|Patrick F. Fagan, Ph. D., Senior Fellow and Director of the Marriage and Religion Research Institute (MARRI)|
The Driving Force of Rejection.
Divorce and Childbearing Outside Marriage: America’s Situation Now
Description of Coding Procedure with 2008 American Community Survey PUMS File
The Index of Belonging (45%) and Rejection (55%) gives an instant read on the social health of America by measuring the proportion of American children who have grown up in an intact married family (see Chart 1).
Chart 1 — Belonging and Rejection Indices for the US.
We have undertaken this study because, bad though it may be, the out-of- wedlock birth rate is not the key measure of family intactness.
Rather what gives a much better read of how our American families are faring is what proportion of our children grow up in an intact home.
When we take that measure (see Appendix 1 for the method) we find that:
The ACS survey finds that, of the 12.8 million teenagers aged 15–17 years old in the U.S. in 2008, 5.8 million were living with both married birth parents, and 7 million were living with one birth parent only, with a birth parent and a stepparent, with two cohabiting parents, or with neither parent (in adoptive or foster families, in group quarters, or on their own).
This report uses two levels of analysis. First, the large population sample in the survey permits an accurate estimate of the “state of the family” for the nation as a whole, for the four regions of the country, and for each of the 50 States and the District of Columbia.
The sample also permits estimates for the major racial/ethnic groups at national and regional levels. Second, the ACS survey reveals the situation of teenagers aged 15–17 at a local level for the 26 most populous counties.
The intactness of family life for American teenagers varies across states and regions in association with average parent education, family income levels and the ethnic composition of the state or region.
But there are also variations that cannot be explained by socioeconomic and ethnic factors. These variations have to do with the cultural commitment to traditional family life in particular geographic areas.
The proportion of young people who have lived with both parents throughout their childhood varies dramatically across racial and ethnic groups (see Chart 2):
Chart 2 — Index of Belonging for Ethnic Group.
Married two-parent families are still the norm for teenagers in eleven states, yielding a Belonging Index of 59% for Utah, 58% for New Hampshire, 57% for Minnesota, and 55% for Nebraska (see Chart 3).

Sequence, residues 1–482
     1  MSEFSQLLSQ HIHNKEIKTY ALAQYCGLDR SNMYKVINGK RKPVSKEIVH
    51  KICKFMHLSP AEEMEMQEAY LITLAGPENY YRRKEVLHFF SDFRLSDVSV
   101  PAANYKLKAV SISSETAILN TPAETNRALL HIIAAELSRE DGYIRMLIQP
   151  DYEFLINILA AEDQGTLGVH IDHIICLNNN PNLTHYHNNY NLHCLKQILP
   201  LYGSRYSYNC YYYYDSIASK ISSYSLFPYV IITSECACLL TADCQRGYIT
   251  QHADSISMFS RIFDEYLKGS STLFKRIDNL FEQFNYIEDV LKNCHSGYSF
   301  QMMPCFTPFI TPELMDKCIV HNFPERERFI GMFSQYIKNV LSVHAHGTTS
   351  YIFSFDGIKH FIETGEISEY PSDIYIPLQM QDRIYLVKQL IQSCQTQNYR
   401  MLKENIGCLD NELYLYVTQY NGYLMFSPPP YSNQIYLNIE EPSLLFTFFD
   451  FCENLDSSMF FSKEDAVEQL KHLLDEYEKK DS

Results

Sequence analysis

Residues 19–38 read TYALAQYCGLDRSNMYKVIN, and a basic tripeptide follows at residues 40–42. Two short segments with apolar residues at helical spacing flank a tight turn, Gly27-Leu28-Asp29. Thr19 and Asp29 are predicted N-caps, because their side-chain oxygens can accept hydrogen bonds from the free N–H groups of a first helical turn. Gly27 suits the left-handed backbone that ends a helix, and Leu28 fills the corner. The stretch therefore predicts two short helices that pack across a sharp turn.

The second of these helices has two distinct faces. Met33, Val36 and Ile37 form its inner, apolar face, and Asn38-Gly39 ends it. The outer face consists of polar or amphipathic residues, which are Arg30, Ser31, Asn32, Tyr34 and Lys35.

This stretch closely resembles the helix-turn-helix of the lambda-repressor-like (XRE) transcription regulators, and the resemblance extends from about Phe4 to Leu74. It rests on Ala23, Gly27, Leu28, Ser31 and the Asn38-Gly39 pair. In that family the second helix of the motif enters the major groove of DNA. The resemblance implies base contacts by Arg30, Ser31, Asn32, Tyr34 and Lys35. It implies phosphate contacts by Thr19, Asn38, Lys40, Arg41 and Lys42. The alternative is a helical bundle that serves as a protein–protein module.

Chart 3 — Index of Belonging for the States.
Among the four regions of the United States the Northeast is the strongest (50.4%) while the South (41.0% is the weakest)—see Chart 4.
Chart 4 — Index of Belonging for the Regions of the U.S.
The South—mistakenly thought of as the most tradition-bound region of the country—has the least family-friendly environment for children. In the majority of Southern states, fewer than 40% of teenagers live with both married parents.
In some states, such as Mississippi (32%) and Louisiana (34%), only one third of children enter adulthood from an intact family.
Significant variations in the capacity to belong occur across regions within different ethnic groups (see Chart 5).
Chart 5 — Index of Belonging by Region and Ethnic Groups.
Among White teenagers, family intactness is highest in the Northeast, where 61% of teens have grown up in intact families, and lowest in the South, where only half of White teens have done so.
The Midwest (55%) and West (52%) are close to the national average for White teens.
Among Black teenagers, family intactness is highest—though still quite low—in the West (22%), and lowest in the Midwest (13%). The South (18%) and Northeast (17%) are close to the national average for Black teens.
Among Hispanic teenagers, family intactness is lowest in the Northeast (30%), but close to the national average in the Midwest (43%), South (43%) and West (41%).
Hispanic teenagers in the Northeast are primarily of Puerto Rican or other Caribbean backgrounds, whereas Hispanic youth in the Midwest, West, and South are predominantly of Mexican or other Central American origin.
The 26 most populous cities have a wide variation in their index of belonging, ranging from 71% for Nassau County in New York to 22% for Bronx County in the same state.